Monday, September 15, 2008

Wall Street Crisis: Mass Extinction Underway?

Months ago, when the Fed helped to bail out Bear Stearns by brokering a deal with J.P. Morgan Chase, it was clear that this was just the tip of the iceberg. And with the Fed recently helping to bail out Fannie Mae and Freddie Mac, it was only a matter of time before the Fed ran out of fingers to put in the leaking dike.

The extend of the greed and risk-taking on the part of Wall Street financial firms with respect to careless lending practices with home mortgages is now obvious. With Lehman Brothers now filing bankruptcy, and with Bank of America buying Merrill Lynch, we are seeing some long time financial forms either bit the dust or being assimilated. While it is sad to see any employee lose their jobs, I have no sympathy for the fat cats of Wall Street who made the collapse happen.

If you don’t have money in these troubled institutions, you may not think you have a problem. And if you do have money there, you may think that the FDIC insurance of balances up to $100,000 will keep you somewhat protected. Think again. Shortly after the Bear Stearns collapse, my husband and I took the opportunity to split up our CDs (which had just matured) and split them up over several banks. We were told at that time that while FDIC insurance is real and it will cover depositors, what the FDIC doesn’t make very clear is HOW LONG it will take to recover the money. In fact, one bank told us that it could take 10-20 years before we ever got the full amount of our money back, if in fact there was a collapse of the bank. So those people who have money in a Lehman Brother’s bank may have to wait a long time to see the full amount of their money should the FDIC have to step in to cover deposits.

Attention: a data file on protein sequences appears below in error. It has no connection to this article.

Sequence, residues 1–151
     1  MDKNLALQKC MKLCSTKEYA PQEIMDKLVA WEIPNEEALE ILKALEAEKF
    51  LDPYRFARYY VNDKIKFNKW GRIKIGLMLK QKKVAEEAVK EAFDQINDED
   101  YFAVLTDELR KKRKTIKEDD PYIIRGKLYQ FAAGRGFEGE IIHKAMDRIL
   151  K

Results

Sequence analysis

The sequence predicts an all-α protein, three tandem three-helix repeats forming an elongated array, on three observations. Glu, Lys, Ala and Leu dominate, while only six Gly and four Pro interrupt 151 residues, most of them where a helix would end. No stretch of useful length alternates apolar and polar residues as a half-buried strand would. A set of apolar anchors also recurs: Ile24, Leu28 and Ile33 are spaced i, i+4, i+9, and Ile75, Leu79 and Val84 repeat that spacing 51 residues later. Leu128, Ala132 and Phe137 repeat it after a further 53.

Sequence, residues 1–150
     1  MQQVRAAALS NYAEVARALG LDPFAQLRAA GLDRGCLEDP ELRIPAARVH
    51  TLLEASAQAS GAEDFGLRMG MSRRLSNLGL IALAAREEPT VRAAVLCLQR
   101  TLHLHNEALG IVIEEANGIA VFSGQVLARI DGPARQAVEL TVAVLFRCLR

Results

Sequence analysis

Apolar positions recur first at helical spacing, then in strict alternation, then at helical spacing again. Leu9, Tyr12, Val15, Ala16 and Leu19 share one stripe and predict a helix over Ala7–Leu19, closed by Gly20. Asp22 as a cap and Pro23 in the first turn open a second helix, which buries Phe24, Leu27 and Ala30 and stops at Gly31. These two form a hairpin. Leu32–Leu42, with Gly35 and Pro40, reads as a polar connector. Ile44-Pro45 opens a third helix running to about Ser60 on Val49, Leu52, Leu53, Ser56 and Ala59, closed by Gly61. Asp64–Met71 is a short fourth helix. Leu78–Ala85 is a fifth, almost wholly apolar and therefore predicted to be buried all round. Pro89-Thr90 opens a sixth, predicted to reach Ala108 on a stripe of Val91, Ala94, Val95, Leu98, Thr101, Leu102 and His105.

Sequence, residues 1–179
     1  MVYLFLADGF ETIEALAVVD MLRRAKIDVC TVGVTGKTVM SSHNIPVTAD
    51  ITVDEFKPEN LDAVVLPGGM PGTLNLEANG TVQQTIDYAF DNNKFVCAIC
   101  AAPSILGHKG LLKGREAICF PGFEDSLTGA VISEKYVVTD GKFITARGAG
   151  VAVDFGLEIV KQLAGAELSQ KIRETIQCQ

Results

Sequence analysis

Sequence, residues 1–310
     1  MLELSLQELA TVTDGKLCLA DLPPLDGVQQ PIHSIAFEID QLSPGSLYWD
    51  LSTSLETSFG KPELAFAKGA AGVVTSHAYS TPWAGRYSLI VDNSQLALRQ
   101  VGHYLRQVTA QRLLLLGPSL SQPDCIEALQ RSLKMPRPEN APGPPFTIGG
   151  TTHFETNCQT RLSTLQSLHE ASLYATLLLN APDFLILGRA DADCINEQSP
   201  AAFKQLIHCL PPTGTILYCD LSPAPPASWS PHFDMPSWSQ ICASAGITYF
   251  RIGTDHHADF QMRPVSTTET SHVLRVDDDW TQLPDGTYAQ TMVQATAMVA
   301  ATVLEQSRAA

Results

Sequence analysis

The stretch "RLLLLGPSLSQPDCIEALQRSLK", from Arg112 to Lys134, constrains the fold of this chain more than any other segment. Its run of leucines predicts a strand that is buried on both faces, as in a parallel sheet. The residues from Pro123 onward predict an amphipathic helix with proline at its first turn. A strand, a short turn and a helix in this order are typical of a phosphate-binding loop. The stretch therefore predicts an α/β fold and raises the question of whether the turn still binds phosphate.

Should people feel unsettled about these happenings? You bet. With many people having money in personal retirement plans like 401ks and IRAs, there is a lot of money out there just sitting and waiting for someone to screw it up for you. Even though the days of free-wheeling mortgage lending seem to be over for now, the repercussions will be felt for some time to come. It really is about time that the greedy executives and money managers at financial firms bear some punishment for the risks they took with money that didn’t belong to them. Unfortunately, the people who will really pay are depositors and average stockholders and the “common” employees who put their trust – and their money – in these firms.

If you haven’t taken a look at your own finances, it’s time that you do. If you have any deposits in any banks that exceed FDIC insurance limits, it may be time to split them up. And do your research – make sure if you do start moving your cash or investments that you put them in financial institutions that seem to be at the top of the heap right now. J.P. Morgan Chase, who basically stole Bears Stearns, and Bank of America, who lapped up Merrill Lynch, seems to be some of the few that appear stable. While I am not telling people to use these banks, it’s just a hint to do your homework before you hand over you money.

When the dust settles – and who knows when this will all be over – we may see less banks and financial institutions, but they may be stronger for it. Maybe the Fed will also get its act together and get some needed controls put in place. Hopefully, everyone will also learn from these mistakes and be smarter for it. My money - your money - depends on it.

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